3D printing allows for the physical production of some unique geometries that simply aren’t possible with other processes. If you design around these strengths, it’s possible to create parts that vastly outperform more conventional alternatives. With that in mind [Advanced Engineering Solutions] created a metal 3D printed heat exchanger it’s half the size and four times more efficient than the one it’s designed to replace. Video after the break.

Gyroid filling divides the internal volume in two, ideal for heat exchangers.

Manufactured from aluminum alloy using a laser powder fusing (LPBF) machine, the heat exchanger is designed to cool transmission oil on military helicopters by using fuel as a coolant. Looking somewhat similar to a Fabergé egg, it uses a gyroid “filler” for the actual heat exchange part. An interesting characteristic of gyroids is that they create two separate interlaced volumes, making them ideal for this application.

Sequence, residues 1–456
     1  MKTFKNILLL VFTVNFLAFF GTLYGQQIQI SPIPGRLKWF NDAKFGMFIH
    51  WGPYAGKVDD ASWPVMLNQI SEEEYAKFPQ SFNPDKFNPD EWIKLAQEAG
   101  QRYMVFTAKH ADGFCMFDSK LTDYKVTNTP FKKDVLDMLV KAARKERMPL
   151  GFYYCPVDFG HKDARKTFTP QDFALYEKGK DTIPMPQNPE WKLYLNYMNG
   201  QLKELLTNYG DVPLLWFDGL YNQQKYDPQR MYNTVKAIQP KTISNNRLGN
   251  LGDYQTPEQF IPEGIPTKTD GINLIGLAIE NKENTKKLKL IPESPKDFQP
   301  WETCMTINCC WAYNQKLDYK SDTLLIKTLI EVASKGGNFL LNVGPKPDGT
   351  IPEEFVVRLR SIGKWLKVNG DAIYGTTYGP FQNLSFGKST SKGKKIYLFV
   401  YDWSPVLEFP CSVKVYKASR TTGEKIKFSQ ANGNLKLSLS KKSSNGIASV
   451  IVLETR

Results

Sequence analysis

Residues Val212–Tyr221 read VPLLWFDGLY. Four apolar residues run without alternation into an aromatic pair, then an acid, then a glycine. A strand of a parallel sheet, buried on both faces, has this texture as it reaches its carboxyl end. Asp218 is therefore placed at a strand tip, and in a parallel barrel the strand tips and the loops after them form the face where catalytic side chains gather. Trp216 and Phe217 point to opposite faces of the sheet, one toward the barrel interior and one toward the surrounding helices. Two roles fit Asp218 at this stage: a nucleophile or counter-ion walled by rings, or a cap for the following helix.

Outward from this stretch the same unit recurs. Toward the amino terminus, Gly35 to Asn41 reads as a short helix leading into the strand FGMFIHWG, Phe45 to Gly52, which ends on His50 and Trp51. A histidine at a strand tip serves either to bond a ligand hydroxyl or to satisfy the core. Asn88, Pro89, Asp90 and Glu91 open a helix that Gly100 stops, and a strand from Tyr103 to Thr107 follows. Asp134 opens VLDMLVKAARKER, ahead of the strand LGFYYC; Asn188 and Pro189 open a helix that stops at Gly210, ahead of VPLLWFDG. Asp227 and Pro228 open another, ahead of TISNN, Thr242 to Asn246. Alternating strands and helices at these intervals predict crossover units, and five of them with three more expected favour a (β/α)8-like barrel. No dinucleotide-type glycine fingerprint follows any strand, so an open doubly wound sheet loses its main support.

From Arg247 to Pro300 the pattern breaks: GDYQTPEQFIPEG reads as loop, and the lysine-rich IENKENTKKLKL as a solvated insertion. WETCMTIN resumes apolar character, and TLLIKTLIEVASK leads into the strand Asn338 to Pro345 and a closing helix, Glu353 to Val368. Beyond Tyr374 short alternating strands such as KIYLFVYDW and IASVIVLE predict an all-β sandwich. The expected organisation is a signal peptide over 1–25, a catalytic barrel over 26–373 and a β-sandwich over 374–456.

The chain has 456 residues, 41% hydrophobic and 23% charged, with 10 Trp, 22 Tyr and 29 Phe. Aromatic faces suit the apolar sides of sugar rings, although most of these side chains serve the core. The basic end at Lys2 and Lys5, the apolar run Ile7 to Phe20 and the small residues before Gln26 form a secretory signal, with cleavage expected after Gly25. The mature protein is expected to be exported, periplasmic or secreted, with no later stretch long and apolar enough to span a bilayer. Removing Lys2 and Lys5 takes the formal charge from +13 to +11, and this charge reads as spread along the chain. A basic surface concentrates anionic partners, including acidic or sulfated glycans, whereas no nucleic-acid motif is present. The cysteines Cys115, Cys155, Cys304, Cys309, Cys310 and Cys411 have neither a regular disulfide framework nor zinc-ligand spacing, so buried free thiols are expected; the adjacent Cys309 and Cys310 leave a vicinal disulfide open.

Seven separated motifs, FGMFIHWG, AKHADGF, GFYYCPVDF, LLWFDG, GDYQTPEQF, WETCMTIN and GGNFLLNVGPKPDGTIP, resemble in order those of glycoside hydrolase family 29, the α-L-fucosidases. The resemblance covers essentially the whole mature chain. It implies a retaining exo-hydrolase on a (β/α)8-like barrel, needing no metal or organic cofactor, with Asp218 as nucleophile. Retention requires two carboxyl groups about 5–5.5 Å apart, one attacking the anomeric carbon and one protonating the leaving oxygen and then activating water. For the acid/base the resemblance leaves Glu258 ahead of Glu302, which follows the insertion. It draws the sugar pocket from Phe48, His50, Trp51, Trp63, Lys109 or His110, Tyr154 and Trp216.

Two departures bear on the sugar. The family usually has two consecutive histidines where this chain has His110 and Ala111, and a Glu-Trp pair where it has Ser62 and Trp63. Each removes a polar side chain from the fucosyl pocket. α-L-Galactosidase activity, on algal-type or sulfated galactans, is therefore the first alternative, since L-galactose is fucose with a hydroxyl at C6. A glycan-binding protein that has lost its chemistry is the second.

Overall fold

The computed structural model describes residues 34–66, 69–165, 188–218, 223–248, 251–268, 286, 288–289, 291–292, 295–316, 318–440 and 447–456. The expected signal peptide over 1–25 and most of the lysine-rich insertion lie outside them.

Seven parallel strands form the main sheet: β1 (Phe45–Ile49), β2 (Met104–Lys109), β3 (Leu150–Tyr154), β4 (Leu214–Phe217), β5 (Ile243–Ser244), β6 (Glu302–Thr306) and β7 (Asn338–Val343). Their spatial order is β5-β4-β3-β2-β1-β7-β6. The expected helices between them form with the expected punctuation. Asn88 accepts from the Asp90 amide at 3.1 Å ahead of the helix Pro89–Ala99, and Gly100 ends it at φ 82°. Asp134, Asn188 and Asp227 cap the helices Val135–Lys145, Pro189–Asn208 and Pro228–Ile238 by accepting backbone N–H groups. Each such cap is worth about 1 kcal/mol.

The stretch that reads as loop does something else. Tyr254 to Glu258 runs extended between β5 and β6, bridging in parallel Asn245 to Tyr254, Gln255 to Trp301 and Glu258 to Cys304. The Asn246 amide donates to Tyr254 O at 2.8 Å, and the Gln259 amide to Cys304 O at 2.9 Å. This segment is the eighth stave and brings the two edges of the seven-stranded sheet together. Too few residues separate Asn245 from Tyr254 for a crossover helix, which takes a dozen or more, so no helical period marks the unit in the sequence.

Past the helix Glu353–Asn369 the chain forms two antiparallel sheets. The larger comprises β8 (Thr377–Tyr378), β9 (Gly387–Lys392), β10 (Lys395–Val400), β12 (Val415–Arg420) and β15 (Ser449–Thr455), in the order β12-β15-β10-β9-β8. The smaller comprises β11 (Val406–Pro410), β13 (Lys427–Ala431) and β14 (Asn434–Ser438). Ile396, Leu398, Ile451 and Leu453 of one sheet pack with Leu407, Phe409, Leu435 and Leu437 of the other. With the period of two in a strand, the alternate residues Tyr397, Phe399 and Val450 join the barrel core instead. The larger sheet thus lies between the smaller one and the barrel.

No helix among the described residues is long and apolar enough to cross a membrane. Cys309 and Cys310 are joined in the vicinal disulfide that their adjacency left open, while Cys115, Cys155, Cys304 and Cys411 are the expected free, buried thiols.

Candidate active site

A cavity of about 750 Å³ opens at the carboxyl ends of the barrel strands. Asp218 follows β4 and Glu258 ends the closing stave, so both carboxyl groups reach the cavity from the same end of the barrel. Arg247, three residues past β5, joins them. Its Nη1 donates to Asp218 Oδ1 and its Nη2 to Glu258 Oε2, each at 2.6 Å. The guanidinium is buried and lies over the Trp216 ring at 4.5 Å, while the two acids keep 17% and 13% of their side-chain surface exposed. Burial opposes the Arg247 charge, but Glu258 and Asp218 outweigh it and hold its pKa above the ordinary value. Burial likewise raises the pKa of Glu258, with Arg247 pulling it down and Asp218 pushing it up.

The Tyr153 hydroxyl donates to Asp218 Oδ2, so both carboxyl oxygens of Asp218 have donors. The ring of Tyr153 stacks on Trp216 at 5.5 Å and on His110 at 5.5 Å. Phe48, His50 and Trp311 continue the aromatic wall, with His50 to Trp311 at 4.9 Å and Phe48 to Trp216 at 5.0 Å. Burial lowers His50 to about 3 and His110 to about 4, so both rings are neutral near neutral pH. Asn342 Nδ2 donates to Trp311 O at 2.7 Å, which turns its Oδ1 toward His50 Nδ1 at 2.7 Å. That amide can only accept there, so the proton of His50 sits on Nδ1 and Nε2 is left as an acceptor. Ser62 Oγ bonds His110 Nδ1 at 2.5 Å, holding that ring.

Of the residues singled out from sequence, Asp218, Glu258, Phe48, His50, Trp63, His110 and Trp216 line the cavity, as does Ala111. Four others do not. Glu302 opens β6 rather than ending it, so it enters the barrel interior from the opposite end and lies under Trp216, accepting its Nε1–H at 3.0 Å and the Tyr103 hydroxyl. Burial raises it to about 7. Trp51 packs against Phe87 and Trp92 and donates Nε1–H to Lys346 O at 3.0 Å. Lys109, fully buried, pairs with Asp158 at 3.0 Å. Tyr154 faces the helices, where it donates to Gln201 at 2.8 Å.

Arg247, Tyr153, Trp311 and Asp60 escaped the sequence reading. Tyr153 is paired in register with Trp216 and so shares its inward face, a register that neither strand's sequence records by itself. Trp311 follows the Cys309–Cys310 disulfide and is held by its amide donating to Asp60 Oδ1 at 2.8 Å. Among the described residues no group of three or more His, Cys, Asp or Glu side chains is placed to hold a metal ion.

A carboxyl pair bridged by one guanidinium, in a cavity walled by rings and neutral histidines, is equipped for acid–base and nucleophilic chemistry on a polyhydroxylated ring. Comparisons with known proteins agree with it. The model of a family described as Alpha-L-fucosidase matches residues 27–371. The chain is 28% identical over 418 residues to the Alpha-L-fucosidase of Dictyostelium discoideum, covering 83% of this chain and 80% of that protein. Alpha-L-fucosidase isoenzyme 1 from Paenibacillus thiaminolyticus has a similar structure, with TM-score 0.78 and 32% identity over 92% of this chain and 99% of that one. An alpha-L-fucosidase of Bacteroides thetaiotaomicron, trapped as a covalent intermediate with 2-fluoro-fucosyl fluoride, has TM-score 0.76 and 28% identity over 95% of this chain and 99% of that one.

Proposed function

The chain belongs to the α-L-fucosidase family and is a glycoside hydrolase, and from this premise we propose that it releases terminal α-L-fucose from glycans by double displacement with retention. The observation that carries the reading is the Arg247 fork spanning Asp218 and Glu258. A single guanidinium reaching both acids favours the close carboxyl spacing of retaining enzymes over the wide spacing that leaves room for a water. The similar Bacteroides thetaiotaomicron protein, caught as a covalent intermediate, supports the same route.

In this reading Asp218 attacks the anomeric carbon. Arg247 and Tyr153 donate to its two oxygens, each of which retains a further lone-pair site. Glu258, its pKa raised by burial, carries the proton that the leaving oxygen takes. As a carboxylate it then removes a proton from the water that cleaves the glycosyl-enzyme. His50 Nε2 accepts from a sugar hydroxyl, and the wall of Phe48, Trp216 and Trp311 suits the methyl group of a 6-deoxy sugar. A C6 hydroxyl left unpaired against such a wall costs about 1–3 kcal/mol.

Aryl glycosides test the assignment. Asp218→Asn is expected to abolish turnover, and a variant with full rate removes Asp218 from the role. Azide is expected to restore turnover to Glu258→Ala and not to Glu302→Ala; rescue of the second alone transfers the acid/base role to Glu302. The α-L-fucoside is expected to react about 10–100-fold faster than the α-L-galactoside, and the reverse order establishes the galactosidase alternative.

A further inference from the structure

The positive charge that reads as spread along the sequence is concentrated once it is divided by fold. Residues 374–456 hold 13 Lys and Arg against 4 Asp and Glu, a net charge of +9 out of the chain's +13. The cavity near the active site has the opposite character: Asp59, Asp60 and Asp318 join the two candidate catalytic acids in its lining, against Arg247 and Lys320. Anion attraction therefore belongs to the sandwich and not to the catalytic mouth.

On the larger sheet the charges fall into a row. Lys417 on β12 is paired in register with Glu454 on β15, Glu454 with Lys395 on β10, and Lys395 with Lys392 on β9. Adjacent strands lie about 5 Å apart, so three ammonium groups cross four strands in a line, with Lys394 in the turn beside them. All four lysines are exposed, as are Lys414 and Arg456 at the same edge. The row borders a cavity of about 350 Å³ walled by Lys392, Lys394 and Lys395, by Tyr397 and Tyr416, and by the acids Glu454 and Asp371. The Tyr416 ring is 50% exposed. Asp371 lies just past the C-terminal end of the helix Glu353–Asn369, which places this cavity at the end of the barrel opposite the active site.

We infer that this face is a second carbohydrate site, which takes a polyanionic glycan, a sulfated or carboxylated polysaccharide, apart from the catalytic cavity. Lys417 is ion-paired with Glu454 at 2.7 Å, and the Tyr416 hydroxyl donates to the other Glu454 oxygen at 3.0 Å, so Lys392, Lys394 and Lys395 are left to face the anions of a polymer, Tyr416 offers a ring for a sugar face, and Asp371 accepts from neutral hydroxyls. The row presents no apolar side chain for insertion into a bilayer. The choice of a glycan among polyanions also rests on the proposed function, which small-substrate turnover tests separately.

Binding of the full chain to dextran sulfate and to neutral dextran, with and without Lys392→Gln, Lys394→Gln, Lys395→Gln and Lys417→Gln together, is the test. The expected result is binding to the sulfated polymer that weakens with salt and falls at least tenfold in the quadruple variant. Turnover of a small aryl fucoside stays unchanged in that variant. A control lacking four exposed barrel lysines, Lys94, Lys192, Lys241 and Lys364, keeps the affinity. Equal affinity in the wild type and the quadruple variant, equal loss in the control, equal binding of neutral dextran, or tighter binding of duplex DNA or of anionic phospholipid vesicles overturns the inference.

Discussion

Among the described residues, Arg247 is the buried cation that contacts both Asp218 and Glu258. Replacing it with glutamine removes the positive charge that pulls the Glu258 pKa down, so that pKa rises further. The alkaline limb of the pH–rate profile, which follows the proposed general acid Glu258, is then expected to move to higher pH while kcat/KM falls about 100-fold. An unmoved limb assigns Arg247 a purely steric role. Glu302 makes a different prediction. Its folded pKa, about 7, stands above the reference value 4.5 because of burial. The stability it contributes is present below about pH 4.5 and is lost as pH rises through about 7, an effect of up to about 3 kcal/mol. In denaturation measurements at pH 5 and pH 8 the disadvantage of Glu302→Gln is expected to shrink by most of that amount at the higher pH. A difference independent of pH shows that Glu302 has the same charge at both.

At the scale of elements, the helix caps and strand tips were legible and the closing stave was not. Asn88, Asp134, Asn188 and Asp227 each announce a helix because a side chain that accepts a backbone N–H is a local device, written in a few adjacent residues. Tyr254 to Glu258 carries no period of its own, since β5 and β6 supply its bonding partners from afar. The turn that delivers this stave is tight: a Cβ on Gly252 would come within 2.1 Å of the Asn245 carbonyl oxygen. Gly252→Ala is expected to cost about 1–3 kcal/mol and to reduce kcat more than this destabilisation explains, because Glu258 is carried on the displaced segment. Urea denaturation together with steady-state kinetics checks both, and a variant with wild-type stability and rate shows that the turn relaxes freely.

It was printed in one piece, without any movable support, just an internal grid to support the input and output gyroids. The only post-processing required was threading and surface cleaning of the ports. Since metal 3D printing is still too expensive to really allow for very iterative prints, a significant amount of design and simulation time was invested before the first print.

Whether you’re printing heat exchangers, housings, or wings, be sure to consider the strengths (and weaknesses) of 3D printing.

thank you for the tip [Keith Olson]!

3D Printed Heat Exchanger Uses Gyroid Infill For Cooling

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